Campfires are a central part of camping, but be careful where you get your firewood because it might harbor forest pests, says Ed Quinn, state parks resource management coordinator. Proposed restrictions aim to prevent potentially infested firewood from being brought into state parks and other DNR lands.
Forest pests -- such as the emerald ash borer, gypsy moth, and Asian long-horned beetle -- pose grave dangers to Minnesota's trees. The emerald ash borer is of particular concern because its larvae eat the inner bark of ash trees. Ash borers have killed millions of ash trees in Michigan, Ohio, and Indiana. They have also been found in Illinois and Maryland. Minnesota has the third largest volume of ash timber in the nation. And firewood is an ideal carrier for ash borers and other forests pests.
"For typical campers, they need to know they should not bring firewood from home to a Minnesota state park, but they should buy it from the park or an approved local vendor" explains Quinn.
The DNR hopes to slow the spread of forest pests in Minnesota with proposed restrictions that would create strict requirements for bringing firewood onto any DNR-administered land, including state parks, state forests, and wildlife management areas. The proposed restrictions are part of a broader effort by the DNR, Minnesota Department of Agriculture, U.S. Forest Service, and federal Animal and Plant Health Inspection Service to combat invasive species.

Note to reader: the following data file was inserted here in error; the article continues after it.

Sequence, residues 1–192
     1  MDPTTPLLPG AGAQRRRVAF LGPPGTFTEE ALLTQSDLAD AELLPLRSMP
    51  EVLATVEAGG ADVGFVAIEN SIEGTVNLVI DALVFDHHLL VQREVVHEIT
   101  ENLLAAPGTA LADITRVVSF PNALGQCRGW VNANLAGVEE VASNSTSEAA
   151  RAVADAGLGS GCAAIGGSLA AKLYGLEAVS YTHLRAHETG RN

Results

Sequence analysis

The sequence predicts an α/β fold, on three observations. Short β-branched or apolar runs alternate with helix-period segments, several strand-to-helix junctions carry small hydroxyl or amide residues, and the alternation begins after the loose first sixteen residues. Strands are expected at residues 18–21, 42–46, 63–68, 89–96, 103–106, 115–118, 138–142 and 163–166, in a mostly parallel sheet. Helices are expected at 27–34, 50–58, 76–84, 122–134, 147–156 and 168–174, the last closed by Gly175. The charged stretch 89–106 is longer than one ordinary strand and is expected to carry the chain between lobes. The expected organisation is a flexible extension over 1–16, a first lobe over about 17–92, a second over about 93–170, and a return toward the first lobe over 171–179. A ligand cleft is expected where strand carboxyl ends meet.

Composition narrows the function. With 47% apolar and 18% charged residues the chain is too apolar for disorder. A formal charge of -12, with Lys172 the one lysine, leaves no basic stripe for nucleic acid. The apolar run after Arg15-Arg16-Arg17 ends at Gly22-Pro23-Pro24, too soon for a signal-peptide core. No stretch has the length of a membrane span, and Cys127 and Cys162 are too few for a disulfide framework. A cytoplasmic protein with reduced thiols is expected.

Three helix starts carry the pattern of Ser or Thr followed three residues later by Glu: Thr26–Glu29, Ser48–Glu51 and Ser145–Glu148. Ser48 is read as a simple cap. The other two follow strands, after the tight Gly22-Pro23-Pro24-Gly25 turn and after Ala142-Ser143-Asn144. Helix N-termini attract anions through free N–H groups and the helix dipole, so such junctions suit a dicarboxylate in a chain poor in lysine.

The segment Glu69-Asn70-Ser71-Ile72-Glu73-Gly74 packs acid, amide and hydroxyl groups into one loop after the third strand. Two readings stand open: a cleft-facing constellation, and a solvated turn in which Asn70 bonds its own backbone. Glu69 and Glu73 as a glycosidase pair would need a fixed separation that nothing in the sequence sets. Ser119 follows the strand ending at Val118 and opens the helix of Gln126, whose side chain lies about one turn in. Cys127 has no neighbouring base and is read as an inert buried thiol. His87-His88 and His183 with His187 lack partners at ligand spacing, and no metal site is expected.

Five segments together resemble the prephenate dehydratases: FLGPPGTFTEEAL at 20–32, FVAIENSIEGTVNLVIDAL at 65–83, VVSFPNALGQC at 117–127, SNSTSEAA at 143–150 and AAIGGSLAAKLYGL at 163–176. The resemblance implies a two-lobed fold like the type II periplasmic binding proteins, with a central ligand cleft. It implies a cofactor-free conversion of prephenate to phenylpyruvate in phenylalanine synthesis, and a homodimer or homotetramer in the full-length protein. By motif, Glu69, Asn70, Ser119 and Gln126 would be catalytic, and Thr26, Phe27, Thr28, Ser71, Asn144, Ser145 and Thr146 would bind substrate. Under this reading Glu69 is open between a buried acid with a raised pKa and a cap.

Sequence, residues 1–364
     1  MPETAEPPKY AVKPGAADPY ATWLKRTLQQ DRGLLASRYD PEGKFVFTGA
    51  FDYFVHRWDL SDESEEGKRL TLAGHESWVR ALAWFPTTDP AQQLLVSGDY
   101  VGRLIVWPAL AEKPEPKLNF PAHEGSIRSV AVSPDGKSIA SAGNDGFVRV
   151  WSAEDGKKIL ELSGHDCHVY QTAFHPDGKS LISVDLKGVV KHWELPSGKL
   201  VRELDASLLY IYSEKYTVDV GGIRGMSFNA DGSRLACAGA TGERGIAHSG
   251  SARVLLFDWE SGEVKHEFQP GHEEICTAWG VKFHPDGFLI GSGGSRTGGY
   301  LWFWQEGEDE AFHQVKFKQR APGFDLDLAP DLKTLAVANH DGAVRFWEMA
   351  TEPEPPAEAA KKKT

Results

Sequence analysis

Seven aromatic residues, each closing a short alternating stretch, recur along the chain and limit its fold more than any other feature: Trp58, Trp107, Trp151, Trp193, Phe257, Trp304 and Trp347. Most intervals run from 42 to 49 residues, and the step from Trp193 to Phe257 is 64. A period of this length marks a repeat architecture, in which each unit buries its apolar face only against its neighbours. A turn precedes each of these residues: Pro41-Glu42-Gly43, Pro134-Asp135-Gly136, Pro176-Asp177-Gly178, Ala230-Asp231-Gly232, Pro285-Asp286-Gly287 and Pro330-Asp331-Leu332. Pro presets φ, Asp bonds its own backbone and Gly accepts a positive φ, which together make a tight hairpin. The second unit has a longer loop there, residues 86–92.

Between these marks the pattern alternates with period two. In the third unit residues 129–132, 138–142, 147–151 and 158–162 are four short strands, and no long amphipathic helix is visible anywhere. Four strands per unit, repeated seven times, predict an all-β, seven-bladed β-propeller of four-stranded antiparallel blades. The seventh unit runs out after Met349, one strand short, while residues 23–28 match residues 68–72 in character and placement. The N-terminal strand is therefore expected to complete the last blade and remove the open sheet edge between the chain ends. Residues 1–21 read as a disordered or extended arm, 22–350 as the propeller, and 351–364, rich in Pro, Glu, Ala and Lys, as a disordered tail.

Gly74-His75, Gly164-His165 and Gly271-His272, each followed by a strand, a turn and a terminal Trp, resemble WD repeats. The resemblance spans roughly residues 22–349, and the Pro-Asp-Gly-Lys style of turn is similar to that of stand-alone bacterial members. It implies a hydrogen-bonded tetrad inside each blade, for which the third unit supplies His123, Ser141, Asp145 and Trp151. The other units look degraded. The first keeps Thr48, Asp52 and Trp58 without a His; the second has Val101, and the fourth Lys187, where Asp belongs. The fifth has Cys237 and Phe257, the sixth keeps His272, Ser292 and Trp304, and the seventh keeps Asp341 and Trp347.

Nearby states, such as Michigan, Ohio, Indiana, Wisconsin, and Illinois, have already implemented rules to stop or slow the spread of forest pests. Some states have quarantines barring entrance of out-of-state wood.
The DNR, MDA, and other state agencies are working together to provide information on firewood and forest pests to national firewood distributors, private campgrounds, large chain retail stores, and other firewood sellers.
In addition to DNR lands, Quinn says campers should be careful about the firewood they bring to any campground they visit. After all, pests don't know what jurisdiction a forest falls under; they just eat trees.
Megan Nelson, editorial intern